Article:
This house was built in 1900, but the first name on the lease, Mrs. Jane Kane, didn’t buy this house until 1902. Maddie Betts bought the house that same year and lived there for seven years. The Handys bought it from her in 1909. Frank Handy was a professor at the University and was known for his translation of Sapphic verse. They lived in the house for over fifty years, until Mrs. Handy’s death in 1965.
C. Houston and Jessie Beaumont were next to live there. Houston Beaumont was executive vice president of Tennessee Consolidated Coal Company and Jessie was a local artist. She made “Belleek” porcelain and would show her creations at the spring and fall arts and crafts fair in Sewanee. Her specialty was Nativity scenes. Jessie began making Belleek porcelain at the insistence of her late son, known as “Bink,” who studied art at Saint Andrew’s School. Using his molds, she started the hobby and has perfected her craft through trial and error. She built a garage adjacent to this house to have a kiln room. She also has a talent for poetry and her book of poems, “Reflections in Rhyme” has been printed by the University Press. Many of the poems relate to childhood memories, others to seasons, one is on being a grandmother. In the late 1970s the couple moved to Destin, Florida, selling the house to the University. In 1984 Evelyn and William Brown Patterson bought the house. A Rhodes Scholar and professor of history at Davidson, Mr. Patterson became a dean of the University in 1980. Dean Patterson has been honored by the National Endowment for the Humanities fellowship for younger scholars; a first-year graduating fellowship from the American Council of Learned Societies; the visiting fellowship at St. Edmund’s House, University of Cambridge; the Folger Shakespeare Library’s short term fellowship; and a fellowship from the University of Wisconsin’s Institute for research in the Humanities. Evelyn Patterson was also a scholar, educated in classics at Smith College and Harvard University.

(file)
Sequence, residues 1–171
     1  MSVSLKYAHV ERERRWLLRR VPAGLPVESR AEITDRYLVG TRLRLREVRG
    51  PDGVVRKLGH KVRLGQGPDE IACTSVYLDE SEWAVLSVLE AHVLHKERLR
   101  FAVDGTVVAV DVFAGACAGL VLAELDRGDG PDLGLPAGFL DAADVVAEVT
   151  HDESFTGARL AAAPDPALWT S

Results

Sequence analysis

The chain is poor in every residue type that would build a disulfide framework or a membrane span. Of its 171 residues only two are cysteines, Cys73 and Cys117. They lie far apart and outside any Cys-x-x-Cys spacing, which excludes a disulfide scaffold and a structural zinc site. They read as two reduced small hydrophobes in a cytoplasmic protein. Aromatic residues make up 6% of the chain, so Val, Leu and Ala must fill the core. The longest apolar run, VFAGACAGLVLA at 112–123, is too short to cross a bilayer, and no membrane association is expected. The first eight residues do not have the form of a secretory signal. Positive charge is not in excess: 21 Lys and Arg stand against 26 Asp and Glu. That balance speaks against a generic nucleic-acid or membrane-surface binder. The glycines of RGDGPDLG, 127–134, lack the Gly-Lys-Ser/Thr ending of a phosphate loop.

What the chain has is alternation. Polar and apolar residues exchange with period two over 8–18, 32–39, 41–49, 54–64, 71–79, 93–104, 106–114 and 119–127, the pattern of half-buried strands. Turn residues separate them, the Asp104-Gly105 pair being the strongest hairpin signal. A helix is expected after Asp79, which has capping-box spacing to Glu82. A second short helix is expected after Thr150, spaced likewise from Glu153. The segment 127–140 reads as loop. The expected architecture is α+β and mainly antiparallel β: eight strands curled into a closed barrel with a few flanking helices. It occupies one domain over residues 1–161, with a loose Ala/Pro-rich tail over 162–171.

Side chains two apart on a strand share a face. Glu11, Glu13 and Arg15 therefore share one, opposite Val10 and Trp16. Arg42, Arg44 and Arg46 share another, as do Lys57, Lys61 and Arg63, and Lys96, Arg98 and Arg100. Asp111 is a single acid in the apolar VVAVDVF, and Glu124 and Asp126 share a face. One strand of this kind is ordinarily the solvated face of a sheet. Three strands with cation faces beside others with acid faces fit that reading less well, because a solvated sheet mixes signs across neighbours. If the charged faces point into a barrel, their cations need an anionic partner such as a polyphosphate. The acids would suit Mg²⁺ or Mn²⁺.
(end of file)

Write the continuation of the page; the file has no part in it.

Drewry, D. (1976, February 12). Around the County, Dot's Diary. The Herald-Chronicle.
Sewanee Office of Public Relations, personal communication, 1980.